The US stock market has delivered an average annual return of around 10% since 1926. But short-term results may vary, and in any given period stock returns can be positive, negative, or flat. When setting expectations, it’s helpful to see the range of outcomes experienced by investors historically. For example, how often have the stock market’s annual returns actually aligned with its long-term average?
Exhibit 1 shows calendar year returns for the S&P 500 Index since 1926. The shaded band marks the historical average of 10%, plus or minus 2 percentage points. The S&P 500 Index had a return within this range in only six of the past 93 calendar years. In most years, the index’s return was outside of the range—often above or below by a wide margin—with no obvious pattern. For investors, the data highlight the importance of looking beyond average returns and being aware of the range of potential outcomes.
TUNING IN TO DIFFERENT FREQUENCIES
REACTING IMPACTS PERFORMANCE
Exhibit 3 helps illustrate this point. It shows the annualized compound return of the S&P 500 Index going back to 1990 and illustrates the impact of missing out on just a few days of strong returns. The bars represent the hypothetical growth of $1,000 over the period and show what happened if you missed the best single day during the period and what happened if you missed a handful of the best single days. The data shows that being on the sidelines for only a few of the best single days in the market would have resulted in substantially lower returns than the total period had to offer.
Equity markets around the globe posted positive returns for the quarter. Looking at broad market indices, US equities outperformed non-US developed and emerging markets during the quarter.
Value stocks outperformed growth stocks in emerging markets but underperformed in developed markets, including the US. Small caps underperformed large caps in all regions.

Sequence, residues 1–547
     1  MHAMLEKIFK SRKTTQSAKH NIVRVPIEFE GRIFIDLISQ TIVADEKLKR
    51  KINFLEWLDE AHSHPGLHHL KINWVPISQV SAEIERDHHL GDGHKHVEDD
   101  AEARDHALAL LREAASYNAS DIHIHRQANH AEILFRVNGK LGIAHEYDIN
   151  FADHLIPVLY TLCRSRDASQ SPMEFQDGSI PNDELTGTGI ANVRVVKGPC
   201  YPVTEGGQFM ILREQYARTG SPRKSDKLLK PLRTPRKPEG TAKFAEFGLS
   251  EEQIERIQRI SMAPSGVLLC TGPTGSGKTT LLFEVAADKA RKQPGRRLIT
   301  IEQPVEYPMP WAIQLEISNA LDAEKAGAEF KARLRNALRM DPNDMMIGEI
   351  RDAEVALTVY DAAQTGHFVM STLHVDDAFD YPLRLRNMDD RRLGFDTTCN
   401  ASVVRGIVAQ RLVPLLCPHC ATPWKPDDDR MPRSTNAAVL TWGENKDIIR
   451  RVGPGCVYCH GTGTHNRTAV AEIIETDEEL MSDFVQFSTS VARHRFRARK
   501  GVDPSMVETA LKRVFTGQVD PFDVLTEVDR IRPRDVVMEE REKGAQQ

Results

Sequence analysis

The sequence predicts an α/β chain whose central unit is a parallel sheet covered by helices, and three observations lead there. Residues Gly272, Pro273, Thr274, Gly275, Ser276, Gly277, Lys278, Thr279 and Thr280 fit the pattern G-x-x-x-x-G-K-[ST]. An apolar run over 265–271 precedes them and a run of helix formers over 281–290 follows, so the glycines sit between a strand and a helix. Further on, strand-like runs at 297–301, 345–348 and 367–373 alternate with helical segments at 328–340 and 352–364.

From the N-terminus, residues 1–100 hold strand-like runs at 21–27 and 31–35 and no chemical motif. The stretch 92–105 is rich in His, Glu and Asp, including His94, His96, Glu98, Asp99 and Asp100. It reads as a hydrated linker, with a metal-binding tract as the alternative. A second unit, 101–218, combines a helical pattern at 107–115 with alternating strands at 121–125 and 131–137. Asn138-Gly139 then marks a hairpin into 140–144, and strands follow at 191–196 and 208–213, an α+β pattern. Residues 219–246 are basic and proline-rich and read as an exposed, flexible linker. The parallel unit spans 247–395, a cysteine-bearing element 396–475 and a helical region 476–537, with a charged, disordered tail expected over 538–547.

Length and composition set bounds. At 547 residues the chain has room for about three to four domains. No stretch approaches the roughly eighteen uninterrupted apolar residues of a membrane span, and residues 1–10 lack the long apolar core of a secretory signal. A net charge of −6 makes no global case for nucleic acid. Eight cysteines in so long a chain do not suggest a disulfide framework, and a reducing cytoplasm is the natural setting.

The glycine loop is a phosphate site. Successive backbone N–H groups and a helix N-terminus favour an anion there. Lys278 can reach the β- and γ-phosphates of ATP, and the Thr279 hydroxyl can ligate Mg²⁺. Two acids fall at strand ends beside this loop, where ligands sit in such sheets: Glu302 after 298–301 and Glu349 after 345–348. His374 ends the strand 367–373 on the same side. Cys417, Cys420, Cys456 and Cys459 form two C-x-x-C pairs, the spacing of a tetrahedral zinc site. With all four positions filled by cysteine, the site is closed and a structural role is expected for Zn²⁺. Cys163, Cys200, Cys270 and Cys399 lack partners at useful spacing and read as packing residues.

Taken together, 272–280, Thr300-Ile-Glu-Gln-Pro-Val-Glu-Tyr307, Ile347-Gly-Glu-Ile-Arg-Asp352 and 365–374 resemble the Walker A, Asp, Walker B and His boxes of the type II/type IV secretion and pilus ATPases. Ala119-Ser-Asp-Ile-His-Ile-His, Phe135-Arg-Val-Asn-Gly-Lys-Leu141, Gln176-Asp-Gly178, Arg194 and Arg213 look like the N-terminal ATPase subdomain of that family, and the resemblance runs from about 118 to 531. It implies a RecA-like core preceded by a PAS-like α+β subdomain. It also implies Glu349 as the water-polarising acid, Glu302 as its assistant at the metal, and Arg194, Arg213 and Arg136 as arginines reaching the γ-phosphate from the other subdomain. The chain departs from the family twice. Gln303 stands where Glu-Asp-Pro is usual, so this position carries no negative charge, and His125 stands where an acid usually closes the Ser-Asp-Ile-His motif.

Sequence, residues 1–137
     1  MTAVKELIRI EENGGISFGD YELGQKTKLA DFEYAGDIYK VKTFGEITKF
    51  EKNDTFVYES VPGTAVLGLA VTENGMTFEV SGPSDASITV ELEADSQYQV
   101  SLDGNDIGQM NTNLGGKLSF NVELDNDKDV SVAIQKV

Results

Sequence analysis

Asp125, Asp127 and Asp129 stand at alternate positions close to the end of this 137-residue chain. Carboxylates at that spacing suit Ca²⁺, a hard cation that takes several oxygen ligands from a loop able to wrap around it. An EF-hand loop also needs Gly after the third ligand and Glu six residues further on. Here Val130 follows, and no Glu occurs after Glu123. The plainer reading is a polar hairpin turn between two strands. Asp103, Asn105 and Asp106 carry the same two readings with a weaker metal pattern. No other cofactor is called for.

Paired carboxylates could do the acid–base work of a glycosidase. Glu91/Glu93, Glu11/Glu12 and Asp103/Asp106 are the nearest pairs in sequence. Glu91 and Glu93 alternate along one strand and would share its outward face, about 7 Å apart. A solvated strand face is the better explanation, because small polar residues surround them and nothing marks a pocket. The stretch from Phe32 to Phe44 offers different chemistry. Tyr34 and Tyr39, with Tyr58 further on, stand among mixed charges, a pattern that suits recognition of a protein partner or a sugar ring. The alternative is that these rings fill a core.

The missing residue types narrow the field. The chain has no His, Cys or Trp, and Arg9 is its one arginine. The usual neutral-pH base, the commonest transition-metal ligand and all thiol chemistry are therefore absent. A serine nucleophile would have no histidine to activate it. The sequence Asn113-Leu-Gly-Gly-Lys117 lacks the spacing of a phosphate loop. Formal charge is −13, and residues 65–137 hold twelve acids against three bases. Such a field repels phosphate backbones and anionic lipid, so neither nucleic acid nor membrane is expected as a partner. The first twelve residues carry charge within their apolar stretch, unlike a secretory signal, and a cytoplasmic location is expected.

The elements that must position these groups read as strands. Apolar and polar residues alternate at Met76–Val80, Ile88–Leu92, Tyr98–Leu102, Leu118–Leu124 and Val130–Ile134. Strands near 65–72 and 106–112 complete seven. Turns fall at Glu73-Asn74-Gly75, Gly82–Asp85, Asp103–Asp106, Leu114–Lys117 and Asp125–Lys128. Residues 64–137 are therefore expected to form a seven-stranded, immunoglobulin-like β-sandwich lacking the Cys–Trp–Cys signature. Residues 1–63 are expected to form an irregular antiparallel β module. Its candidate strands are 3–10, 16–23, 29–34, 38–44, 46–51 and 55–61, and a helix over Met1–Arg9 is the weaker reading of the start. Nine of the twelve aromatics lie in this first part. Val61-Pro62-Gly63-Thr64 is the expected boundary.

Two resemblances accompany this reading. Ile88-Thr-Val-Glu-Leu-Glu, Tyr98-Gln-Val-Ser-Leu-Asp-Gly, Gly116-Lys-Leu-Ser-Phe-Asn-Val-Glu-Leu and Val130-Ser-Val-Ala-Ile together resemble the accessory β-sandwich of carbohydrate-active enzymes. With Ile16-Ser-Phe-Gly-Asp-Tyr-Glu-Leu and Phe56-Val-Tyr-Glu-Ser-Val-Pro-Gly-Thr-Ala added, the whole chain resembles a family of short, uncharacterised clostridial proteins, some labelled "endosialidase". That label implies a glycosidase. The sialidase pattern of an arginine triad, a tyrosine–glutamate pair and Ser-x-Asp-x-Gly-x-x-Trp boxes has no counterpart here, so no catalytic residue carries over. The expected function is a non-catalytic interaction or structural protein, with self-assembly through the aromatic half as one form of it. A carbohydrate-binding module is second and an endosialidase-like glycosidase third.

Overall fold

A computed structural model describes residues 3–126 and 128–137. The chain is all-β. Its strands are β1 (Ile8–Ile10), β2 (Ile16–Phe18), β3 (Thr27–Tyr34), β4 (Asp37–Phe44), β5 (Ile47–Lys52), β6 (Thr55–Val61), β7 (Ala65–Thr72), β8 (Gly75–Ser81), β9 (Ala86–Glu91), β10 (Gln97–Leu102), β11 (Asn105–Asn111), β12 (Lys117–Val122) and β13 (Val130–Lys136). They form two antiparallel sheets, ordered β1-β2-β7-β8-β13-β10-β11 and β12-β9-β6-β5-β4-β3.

REIT indices underperformed equity market indices in both the US and non-US developed markets.
Long-term Market Summary
World Asset Classes
SECOND QUARTER 2019 INDEX RETURNS (%)
Impact of Diversification
Second Quarter 2019 Index Returns
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Diversification does not eliminate the risk of market loss. Past performance is not a guarantee of future results. Indices are not available for direct investment. Index performance does not reflect expenses associated with the management of an actual portfolio. Asset allocations and the hypothetical index portfolio returns are for illustrative purposes only and do not represent actual performance. Global Stocks represented by MSCI All Country World Index (gross div.) and Treasury Bills represented by US One-Month Treasury Bills. Globally diversified allocations rebalanced monthly, no withdrawals. Data © MSCI 2019, all rights reserved. Treasury bills © Stocks, Bonds, Bills, and Inflation YearbookTM, Ibbotson Associates, Chicago (annually updated work by Roger G. Ibbotson and Rex A. Sinquefield).
This information is provided for educational and informational purposes only and is not to be considered advice. Information is derived from sources which are believed to be reliable, but are not independently audited. Views and opinions are subject to change at any time based on market and other conditions.